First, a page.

If we take a look at the labels on most of our clothing, they would say ‘made in China’, ‘made in Bangladesh’ or ‘made in Cambodia.’ It’s no secret that big chain corporations are producing their clothes abroad, in order to manufacture in the cheapest possible way.
But what does that often mean for the garment workers? The answer is low pay, long working hours and unsafe working conditions due to a lax government. The way this fast paced fashion industry works, also means a great deal of clothing waste.
One label set to counteract our sweatshop culture is Tonlé. As a cambodian based brand, founder Rachel Faller knows the ins and outs of mass manufacturing and its detrimental impact on the environment.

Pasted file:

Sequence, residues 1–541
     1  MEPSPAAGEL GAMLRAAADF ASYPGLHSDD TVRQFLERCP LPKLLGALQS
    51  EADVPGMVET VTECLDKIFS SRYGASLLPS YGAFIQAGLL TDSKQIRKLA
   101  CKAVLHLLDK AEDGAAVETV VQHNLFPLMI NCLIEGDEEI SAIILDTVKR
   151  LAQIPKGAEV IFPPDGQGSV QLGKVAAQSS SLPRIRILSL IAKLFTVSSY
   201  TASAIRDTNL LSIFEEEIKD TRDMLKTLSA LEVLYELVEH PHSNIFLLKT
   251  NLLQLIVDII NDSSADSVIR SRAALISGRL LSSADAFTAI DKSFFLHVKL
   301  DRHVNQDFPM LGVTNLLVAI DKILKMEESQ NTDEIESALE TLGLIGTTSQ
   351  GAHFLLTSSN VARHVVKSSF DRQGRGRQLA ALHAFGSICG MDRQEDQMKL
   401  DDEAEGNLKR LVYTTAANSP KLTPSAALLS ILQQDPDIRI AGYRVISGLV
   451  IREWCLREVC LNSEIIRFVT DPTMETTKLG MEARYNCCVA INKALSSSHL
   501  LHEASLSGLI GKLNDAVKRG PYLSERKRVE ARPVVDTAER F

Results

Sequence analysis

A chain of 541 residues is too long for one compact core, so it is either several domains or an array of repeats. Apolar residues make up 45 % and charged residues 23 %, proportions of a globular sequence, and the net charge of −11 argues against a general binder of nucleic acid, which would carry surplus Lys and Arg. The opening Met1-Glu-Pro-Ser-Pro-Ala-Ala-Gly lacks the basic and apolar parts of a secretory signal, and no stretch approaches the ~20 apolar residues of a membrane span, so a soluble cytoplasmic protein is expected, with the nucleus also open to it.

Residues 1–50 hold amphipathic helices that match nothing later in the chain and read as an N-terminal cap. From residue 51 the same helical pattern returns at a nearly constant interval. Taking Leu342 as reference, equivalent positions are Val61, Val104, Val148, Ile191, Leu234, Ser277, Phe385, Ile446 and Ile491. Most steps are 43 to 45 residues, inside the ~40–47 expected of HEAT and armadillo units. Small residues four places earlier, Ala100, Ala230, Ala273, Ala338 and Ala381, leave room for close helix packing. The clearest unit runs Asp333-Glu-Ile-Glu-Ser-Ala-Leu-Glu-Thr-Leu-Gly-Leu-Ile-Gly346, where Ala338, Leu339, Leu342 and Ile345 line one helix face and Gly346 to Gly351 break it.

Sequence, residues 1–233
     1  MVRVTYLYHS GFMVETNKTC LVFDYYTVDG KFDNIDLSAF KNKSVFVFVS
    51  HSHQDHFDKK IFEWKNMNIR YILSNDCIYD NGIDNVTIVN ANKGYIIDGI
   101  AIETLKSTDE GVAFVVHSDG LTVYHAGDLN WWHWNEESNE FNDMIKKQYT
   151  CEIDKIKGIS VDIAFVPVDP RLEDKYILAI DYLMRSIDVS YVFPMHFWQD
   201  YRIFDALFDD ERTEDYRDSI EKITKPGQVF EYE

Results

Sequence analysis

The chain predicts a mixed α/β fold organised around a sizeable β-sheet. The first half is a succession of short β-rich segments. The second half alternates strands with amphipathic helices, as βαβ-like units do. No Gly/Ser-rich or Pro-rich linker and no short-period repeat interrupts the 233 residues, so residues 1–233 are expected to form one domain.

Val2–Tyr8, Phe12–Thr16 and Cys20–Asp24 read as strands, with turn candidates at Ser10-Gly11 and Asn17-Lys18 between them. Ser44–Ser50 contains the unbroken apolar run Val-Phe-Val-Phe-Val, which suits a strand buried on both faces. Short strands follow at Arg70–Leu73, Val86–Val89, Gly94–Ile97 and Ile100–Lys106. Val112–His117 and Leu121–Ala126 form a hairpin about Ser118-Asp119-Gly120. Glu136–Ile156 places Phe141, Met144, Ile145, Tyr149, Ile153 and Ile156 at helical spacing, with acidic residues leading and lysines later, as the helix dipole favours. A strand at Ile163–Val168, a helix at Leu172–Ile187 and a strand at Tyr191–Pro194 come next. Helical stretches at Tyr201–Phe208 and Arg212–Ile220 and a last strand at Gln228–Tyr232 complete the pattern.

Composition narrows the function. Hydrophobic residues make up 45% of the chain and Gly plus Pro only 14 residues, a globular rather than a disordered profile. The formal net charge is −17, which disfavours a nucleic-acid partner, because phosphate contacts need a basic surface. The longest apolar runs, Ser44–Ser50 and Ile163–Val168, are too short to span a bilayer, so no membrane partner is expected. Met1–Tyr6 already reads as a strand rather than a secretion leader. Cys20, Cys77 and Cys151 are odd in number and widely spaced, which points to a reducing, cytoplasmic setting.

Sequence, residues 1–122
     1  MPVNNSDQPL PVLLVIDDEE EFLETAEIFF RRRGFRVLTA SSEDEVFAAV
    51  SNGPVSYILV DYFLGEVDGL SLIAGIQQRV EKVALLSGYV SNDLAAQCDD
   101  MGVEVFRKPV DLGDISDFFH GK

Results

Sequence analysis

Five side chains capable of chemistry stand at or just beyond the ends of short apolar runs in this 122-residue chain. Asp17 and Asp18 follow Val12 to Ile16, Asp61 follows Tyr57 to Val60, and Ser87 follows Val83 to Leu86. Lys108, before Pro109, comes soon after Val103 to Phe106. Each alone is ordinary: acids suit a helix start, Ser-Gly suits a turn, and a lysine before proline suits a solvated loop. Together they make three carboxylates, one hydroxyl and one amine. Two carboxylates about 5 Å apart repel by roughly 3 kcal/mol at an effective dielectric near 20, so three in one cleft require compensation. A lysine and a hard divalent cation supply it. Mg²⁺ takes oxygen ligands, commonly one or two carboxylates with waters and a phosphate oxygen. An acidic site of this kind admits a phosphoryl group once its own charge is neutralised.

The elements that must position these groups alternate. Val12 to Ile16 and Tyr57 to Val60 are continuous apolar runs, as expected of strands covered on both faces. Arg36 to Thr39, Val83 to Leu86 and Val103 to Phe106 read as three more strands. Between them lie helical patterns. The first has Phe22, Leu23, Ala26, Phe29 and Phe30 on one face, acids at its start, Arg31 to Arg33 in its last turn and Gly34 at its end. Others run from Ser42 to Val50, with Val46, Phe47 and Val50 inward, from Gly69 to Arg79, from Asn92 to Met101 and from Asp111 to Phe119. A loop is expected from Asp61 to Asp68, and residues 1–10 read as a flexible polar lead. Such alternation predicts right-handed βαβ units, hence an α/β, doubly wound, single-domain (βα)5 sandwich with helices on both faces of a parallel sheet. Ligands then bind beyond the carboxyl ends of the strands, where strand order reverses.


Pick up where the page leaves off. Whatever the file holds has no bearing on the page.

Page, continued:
Having previously established Cambodia’s most successful cothing brand Keok’Jay, which sells to the US, Australia and Norway, Faller is now shutting up shop, in order to pursue a more sustainable path.
“We design comfortable, wearable clothes that are as unique as their makers.”
Faller ensures all materials used are recycled, using fabric scraps from factories, which would otherwise be destined for landfill. She and her team hand cut each fabric, which is sewn back into yarn. Even the paper the company uses is made from leftover scraps.
Most importantly, as a fair trade business, all workers are given the chance to progress through fair pay and a motivational working environment.
Faller is currently working towards expanding her business, so that her designs will be available within Europe and the US. Find out more in their Kikstarter campaign here.